Ukraine Update: Elections, Conflict and the Future of the EU’s Eastern Partnership
In 2009, the European Union established its Eastern Partnership to advance political association and economic integration with six neighboring nations to its east. However, in November 2013, Ukrainian President Yanukovych refused to sign the Association Agreement, triggering mass protests that ultimately led to his departure and accusations that the EU “sleepwalked” into the conflict in Ukraine. Although the EU long asserted that the framework was not directed against Russia, the agreement with Ukraine was perceived in Moscow as crossing a red line. In the wake of the ongoing Ukraine crisis, some are questioning whether the EU’s Neighborhood Policy/Eastern Partnership should be fundamentally altered – and if so, how?
Against the backdrop of simmering conflict in eastern Ukraine, the Ukrainian people will go to the polls on October 26 to elect a new parliament. The new parliament members will then have to form a majority coalition and begin to tackle the pressing problems facing the country. Those problems include not just the situation in the east and the troubled relationship with Russia, but needed economic and political reforms as well as measures to curb corruption. The questions remain about Ukrainian public expectations and potential tensions in the immediate aftermath of the vote.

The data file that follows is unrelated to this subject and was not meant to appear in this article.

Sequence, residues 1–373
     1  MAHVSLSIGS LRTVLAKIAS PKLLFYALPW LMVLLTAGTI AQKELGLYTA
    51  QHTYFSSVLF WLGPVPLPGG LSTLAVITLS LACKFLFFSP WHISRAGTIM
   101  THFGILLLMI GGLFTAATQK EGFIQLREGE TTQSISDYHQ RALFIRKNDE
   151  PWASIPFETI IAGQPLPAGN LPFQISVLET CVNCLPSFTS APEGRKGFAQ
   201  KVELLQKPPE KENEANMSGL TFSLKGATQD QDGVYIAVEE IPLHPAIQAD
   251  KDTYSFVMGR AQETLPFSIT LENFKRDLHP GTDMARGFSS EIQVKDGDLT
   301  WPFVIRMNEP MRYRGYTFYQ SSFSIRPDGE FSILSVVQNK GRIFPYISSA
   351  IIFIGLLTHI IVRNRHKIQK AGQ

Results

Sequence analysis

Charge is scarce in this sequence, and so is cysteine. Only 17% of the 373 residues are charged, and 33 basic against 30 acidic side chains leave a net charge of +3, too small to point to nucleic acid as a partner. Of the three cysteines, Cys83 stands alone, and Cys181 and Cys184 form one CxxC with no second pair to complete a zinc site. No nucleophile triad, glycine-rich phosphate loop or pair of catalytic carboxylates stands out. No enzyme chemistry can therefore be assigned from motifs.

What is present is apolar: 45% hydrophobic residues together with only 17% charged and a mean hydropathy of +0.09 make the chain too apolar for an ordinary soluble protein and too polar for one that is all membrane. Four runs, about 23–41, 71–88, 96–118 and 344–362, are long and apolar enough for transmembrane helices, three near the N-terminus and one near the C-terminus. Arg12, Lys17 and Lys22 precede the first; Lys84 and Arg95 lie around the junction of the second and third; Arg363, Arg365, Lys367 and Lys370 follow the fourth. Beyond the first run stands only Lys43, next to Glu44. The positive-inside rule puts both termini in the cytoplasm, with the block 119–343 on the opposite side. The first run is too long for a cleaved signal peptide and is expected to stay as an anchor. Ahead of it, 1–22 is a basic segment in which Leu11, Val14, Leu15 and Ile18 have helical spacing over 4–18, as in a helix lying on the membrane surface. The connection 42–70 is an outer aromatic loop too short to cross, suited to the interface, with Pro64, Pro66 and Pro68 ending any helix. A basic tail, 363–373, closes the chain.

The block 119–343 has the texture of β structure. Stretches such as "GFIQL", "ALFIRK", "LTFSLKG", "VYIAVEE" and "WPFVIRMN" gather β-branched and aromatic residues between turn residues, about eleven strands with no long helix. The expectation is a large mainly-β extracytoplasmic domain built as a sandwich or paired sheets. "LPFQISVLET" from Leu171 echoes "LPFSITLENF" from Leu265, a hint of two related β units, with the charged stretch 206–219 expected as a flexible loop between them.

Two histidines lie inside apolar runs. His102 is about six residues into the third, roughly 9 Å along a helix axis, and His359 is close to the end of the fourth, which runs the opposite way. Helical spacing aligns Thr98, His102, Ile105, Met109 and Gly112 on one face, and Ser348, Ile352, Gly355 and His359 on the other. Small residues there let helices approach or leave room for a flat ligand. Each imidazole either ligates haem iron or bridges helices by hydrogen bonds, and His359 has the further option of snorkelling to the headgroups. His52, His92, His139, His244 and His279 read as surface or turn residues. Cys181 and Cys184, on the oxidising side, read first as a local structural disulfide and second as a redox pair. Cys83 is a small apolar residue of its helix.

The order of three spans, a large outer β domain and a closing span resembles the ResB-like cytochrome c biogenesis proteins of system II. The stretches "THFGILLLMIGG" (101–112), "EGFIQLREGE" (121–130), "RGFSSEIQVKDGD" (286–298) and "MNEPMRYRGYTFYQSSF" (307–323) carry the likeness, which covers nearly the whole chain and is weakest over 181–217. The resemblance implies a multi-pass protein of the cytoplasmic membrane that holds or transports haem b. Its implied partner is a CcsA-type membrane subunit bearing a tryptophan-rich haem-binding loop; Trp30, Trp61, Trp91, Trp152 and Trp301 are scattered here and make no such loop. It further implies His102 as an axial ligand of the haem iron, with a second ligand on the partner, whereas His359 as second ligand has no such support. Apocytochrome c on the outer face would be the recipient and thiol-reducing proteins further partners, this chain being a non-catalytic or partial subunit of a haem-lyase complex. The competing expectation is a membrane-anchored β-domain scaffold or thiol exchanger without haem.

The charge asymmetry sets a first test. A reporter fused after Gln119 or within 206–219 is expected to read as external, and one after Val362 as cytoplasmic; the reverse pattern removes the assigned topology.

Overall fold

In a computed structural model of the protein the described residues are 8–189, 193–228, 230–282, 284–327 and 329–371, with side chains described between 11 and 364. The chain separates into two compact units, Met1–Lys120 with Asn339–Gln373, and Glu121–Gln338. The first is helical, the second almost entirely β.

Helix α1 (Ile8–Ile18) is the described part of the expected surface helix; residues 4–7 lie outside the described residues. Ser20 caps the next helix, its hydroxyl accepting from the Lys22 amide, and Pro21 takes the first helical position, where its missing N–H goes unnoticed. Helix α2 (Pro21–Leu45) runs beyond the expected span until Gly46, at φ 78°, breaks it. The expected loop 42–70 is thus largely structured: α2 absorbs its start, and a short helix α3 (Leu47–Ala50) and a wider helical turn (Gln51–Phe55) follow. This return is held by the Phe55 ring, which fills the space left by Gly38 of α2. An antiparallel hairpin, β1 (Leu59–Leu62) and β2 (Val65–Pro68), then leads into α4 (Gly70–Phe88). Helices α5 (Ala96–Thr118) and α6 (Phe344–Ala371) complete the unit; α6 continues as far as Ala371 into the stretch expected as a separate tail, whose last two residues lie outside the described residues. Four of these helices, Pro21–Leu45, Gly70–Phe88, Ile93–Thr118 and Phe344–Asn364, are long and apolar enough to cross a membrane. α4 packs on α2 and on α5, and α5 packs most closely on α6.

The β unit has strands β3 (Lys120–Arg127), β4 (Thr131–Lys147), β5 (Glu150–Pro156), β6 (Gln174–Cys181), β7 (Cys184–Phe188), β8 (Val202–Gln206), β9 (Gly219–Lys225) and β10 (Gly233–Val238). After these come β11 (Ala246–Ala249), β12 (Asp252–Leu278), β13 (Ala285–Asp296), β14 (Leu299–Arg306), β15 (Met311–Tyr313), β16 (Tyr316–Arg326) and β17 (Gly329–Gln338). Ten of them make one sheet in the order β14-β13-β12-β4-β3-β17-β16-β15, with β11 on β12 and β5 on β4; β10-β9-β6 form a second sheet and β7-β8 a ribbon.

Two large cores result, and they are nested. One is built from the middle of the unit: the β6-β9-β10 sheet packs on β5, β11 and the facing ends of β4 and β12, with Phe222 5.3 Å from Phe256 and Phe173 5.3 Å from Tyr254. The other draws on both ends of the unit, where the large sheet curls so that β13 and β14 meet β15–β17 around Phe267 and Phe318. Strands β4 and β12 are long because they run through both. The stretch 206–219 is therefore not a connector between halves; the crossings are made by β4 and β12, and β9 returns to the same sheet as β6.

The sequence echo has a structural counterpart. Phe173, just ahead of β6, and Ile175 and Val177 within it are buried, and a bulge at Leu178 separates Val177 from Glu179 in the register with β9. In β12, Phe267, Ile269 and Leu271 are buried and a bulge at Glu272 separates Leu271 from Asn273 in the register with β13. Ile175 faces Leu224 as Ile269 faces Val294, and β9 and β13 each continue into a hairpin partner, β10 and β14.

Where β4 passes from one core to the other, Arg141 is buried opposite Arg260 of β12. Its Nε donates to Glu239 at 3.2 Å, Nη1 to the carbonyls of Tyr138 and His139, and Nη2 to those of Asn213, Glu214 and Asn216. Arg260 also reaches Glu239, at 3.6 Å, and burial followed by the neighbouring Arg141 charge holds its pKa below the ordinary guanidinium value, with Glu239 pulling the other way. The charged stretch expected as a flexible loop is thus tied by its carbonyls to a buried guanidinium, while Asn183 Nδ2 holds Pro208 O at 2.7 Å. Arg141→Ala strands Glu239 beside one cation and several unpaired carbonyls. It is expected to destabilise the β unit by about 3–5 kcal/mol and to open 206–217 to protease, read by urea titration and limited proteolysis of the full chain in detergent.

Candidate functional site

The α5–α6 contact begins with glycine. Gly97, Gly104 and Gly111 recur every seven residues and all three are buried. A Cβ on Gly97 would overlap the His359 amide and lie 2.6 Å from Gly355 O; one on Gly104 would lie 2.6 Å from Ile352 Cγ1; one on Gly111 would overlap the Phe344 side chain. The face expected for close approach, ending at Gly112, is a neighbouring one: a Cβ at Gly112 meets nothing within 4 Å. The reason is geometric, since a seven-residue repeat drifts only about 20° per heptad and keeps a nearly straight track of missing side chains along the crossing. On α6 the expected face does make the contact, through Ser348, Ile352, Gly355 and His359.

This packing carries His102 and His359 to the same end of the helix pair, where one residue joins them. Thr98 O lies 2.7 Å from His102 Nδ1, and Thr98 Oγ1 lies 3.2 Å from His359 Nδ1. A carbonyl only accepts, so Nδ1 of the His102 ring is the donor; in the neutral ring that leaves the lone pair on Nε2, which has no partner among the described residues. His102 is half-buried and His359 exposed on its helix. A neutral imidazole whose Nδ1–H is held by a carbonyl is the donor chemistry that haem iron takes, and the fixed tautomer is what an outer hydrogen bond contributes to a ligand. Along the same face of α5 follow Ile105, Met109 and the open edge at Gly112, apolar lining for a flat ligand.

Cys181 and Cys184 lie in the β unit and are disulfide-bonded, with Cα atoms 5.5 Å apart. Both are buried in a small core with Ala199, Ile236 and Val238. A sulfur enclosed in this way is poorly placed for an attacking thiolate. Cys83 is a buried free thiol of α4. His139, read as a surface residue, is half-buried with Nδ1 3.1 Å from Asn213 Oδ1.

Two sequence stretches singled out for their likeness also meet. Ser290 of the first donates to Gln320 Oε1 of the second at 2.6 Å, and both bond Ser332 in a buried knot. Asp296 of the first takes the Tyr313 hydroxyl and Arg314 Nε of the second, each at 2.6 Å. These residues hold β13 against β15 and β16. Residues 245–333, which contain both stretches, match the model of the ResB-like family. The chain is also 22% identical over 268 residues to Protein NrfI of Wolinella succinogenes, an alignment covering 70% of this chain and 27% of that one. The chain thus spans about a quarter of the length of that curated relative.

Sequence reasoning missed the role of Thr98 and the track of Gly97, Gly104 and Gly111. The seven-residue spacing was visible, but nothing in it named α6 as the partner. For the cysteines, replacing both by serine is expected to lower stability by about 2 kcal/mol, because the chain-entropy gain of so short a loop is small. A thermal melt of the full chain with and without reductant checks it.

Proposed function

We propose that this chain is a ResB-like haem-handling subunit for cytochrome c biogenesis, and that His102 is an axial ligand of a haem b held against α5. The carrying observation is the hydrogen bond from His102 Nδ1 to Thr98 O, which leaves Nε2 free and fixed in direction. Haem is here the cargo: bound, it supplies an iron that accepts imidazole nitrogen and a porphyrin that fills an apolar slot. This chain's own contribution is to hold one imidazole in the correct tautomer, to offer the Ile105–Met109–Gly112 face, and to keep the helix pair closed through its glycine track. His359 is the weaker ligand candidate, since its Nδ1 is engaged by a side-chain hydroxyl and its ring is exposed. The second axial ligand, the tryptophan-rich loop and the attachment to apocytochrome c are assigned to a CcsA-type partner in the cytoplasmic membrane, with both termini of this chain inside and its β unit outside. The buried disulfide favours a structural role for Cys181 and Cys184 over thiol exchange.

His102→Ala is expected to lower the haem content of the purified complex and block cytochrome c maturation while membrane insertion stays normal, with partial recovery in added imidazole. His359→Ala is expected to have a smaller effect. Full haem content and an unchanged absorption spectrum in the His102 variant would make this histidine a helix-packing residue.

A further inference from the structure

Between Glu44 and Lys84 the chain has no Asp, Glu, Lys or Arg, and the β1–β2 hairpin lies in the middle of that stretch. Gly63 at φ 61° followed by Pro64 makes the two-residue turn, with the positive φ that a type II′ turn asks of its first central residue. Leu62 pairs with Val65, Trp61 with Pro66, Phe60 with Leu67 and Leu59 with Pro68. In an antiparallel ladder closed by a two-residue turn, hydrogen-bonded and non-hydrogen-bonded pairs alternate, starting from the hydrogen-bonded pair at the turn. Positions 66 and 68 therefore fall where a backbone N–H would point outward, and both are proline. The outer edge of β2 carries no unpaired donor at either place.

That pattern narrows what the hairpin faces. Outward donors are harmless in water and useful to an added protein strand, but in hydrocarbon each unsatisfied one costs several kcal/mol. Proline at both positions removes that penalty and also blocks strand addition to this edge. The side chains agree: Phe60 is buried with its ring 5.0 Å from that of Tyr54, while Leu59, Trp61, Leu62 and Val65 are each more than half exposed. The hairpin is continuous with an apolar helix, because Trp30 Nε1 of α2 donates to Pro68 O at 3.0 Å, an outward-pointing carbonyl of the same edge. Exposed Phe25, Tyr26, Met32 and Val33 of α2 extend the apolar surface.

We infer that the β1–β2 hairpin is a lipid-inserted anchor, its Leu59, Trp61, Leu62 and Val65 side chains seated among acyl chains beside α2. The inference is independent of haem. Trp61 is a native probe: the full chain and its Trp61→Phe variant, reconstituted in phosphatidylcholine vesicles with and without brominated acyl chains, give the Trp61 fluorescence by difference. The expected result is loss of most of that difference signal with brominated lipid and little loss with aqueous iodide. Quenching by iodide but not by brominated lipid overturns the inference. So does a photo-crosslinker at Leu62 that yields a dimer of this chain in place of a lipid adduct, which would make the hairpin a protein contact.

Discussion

On October 29, the Brookings Center on the United States and Europe and the Heinrich Böll Foundation hosted a panel discussion assessing next steps for Ukraine and the EU’s Eastern Partnership. The first panel explored the Ukrainian election and what it means for politics within Ukraine, the Ukrainian economy, and Ukraine’s relations with Russia and the West. The second panel focused on international perspectives on the Eastern Partnership and the EU’s neighborhood policy.
Chief, Ukrainian Service - Voice of America
Former Brookings Expert
Associate Fellow, Russia and Eurasia Programme - Chatham House
Senior Fellow - International Institute for Strategic Studies
President, Green Group - European Parliament
Senior Fellow - German Marshall Fund of the United States
Fulbright Scholar - Kennan Institute, Woodrow Wilson International Center for Scholars
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Merkel cares strongly about policies, relationships, and institutions. [...] But she is that rare thing: a politician who isn't needy or vain. If she cares about her legacy, she cares about the outcome, not about what that means for her image.